Results tagged ‘ Arizona Fall League ’
Tomorrow, I will be in Arizona for three days to write about the final three days of the Arizona Fall League. The Arizona Fall League is celebrating its 20th season of showcasing some of the top up-and-coming prospects from every MLB team. Some of the participants might be players fans know about while others will soon become household names.
A number of the Brewers current stars were seasoned in the Arizona Fall League. Ryan Braun, Prince Fielder, Corey Hart, Nyjer Morgan and Rickie Weeks have all participated in the Arizona Fall League. Even Brewers Manager Ron Roenicke has participated in the Arizona Fall League, once as a manager in the league.
There are six teams in the league that are formed with prospects from all 30 Major League teams. Those prospects are selected by team general managers and are given the opportunity to perform for baseball scouts, general managers and farm directors from every MLB team. The teams are just wrapping up a seven-week, 38-game season and the Brewers have had scouts watching the league throughout the season. Doug Melvin and Gord Ash also have both spent time in Arizona talking to scouts and players as a part of their preparation for the 2012 season.
The nine Brewers players participating in the Arizona Fall League are members of the Peoria Javelinas. That team is made up of players from the Brewers, Cardinals, Mariners, Mets and Padres and they play their home games at Peoria Stadium, the Spring Training home of the Mariners and Padres. Entering today, the team has a 13-19 record and is in second-place in the West Division. Here is some information on the Brewers players participating in the league:
JED BRADLEY – LHP
The 15th overall selection by the Brewers in the 2011 First-Year Player Draft, Bradley did not pitch professionally this season. He attended Georgia Tech University and signed with the Brewers on the signing deadline, August 15. Entering today, Bradley has made four appearances/one start in the Arizona Fall League, posting a 0-0 record with a 6.35 ERA and five strikeouts.
KENTRAIL DAVIS – OF
Davis was selected in the supplemental first round of the 2009 First-Year Player Draft after attending the University of Tennessee. Davis spent the 2011 season with Double-A Brevard County where he hit .245 with eight home runs and 46 RBI. So far in the Arizona Fall League, Davis is hitting .324 with one home run and nine RBI in 20 games. He enjoyed a 12-game hitting streak that ended on Friday (he walked four times that game).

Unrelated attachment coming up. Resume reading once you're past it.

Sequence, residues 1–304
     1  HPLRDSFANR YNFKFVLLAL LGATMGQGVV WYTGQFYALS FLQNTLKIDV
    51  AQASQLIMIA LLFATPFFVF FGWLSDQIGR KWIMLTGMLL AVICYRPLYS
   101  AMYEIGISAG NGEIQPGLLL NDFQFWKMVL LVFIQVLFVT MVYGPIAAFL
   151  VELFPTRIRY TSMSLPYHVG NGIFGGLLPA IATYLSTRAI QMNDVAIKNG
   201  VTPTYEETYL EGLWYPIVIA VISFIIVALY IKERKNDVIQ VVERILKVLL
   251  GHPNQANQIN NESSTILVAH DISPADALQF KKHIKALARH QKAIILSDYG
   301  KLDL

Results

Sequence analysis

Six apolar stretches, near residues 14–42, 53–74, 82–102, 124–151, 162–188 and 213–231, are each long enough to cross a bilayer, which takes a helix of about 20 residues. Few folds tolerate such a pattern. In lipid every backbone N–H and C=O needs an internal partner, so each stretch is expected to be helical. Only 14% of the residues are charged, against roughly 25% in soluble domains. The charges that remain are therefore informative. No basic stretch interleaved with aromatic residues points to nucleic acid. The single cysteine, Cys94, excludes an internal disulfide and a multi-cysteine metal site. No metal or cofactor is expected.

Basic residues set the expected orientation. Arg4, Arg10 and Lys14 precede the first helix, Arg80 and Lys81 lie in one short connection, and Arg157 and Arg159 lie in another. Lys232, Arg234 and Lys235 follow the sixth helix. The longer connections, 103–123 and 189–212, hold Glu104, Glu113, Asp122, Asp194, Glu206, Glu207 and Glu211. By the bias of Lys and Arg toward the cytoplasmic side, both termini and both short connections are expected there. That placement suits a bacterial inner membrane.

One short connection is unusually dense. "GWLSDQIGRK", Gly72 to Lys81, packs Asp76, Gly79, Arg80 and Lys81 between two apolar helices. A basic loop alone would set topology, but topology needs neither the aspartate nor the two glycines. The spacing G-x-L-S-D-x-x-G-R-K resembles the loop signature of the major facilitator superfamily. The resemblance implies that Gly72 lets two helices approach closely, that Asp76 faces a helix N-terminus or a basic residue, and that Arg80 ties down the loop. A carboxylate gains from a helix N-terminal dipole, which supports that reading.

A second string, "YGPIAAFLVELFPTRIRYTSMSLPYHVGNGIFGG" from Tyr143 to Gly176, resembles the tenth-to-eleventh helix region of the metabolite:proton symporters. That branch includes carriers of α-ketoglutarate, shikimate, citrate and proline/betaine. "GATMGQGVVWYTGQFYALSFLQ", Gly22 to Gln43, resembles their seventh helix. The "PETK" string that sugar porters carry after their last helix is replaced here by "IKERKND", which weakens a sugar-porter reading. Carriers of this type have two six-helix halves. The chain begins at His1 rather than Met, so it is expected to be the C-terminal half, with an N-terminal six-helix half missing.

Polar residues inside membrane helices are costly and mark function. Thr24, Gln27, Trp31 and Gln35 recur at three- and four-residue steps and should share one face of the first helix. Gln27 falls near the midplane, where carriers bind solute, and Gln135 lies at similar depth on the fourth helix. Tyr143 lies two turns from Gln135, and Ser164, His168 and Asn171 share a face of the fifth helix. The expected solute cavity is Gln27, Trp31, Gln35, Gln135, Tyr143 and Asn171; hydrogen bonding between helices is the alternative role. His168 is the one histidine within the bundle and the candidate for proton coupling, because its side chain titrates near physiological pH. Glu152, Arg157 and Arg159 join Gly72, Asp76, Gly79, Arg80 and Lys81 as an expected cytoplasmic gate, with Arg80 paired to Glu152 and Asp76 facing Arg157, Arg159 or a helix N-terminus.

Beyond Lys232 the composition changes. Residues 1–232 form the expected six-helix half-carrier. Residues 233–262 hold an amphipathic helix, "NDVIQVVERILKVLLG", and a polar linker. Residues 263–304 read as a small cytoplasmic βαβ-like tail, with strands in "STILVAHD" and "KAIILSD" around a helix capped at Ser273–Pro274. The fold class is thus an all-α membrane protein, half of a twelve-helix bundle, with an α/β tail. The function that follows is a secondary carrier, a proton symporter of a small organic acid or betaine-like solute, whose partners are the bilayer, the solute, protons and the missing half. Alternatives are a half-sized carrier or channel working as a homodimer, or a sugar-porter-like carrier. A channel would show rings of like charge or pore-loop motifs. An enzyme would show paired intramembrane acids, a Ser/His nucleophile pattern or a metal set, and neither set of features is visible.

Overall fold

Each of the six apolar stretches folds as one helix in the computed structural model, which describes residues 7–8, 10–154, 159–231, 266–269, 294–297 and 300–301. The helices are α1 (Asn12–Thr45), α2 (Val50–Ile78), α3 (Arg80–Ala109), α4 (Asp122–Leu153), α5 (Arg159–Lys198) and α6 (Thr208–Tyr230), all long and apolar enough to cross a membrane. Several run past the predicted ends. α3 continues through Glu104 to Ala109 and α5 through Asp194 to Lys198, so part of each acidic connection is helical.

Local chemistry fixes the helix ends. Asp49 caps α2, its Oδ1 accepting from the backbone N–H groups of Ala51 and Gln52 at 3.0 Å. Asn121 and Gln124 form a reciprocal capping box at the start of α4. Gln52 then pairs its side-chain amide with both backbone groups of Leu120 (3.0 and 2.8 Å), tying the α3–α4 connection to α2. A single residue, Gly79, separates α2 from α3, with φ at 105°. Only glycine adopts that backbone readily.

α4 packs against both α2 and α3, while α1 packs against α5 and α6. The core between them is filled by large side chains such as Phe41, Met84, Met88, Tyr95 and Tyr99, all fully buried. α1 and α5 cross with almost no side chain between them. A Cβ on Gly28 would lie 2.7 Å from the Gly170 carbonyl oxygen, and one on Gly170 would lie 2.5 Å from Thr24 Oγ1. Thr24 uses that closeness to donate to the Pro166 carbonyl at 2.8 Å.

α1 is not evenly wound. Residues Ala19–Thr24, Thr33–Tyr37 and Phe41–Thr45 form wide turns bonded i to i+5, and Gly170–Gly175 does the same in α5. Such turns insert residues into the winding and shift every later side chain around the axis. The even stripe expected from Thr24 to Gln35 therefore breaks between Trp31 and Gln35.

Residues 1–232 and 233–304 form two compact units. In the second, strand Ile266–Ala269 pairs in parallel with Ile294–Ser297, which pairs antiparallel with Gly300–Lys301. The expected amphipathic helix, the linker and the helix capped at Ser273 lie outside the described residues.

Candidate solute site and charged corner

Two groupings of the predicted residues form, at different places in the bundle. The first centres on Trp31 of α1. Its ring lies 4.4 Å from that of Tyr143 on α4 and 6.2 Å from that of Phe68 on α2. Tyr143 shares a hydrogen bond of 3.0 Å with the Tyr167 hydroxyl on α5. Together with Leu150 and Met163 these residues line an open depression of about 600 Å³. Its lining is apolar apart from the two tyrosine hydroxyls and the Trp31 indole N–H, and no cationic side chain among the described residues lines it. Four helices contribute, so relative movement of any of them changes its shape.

SCOOTER GENNETT – INF
Gennett has been a solid hitter in his first two professional seasons and is currently second in hitting in the Arizona Fall League with a .419 batting average. A 16th round selection in the 2009 First-Year Player Draft, Gennett spent the 2011 season with Class-A Brevard County where he was a Florida State League All-Star. He hit .300 with nine home runs and 51 RBI this season for the Manatees. Gennett entered the 2011 season rated as the fourth-best prospect in the Brewers’ organization by Baseball America.
BRANDON KINTZLER – RHP
Kintzler spent some time with the Brewers this season, appearing in nine games before his season was cut short with surgery on his right forearm on July 26. Another benefit of the Fall League is that players like Kintzler can use it to aid in rehabilitation. Kintzler has only pitched 2.2 innings so far this Fall as he prepares for the 2012 season.
DANIEL MEADOWS – LHP
Meadows was selected by the Brewers in the 49th round of the 2008 First-Year Player Draft and worked his way through the Brewers minor league system all the way up to Triple-A Nashville this year where he finished the year with a 0-2 record and 4.04 ERA in 20 games. Meadows earned the promotion thanks to an All-Star first half of 2011 with Double-A Huntsville where he went 6-2 with a 1.51 ERA in 21 relief appearances. With the Stars this season, Meadows held opponents to a .192 batting average. So far this Fall, Meadows has made nine relief appearances and is 0-0 with a 6.35 ERA.
CASEY MEDLEN – RHP
Medlen was a third round selection of the Brewers in the 2011 First-Year Player Draft and split his first professional season between Rookie Arizona and Class-A Wisconsin. Between the two stops, Medlen was 1-2 with a 2.86 ERA in 22 appearances. He recorded 44 strikeouts in 34.2 innings pitched. This Fall, Medlen is 1-2 with a 6.35 ERA and 11 strikeouts in 11.1 innings pitched.
CODY SCARPETTA – RHP
Scarpetta spent the entire 2011 season with Huntsvile where he went 9-5 with a 3.85 ERA in 23 starts. He was an 11th round selection in the 2007 First-Year Player Draft and is currently 0-3 with a 19.64 ERA in five Fall appearances. Scarpetta is a native of Rockford, Ill. and his father pitched in the Brewers organization.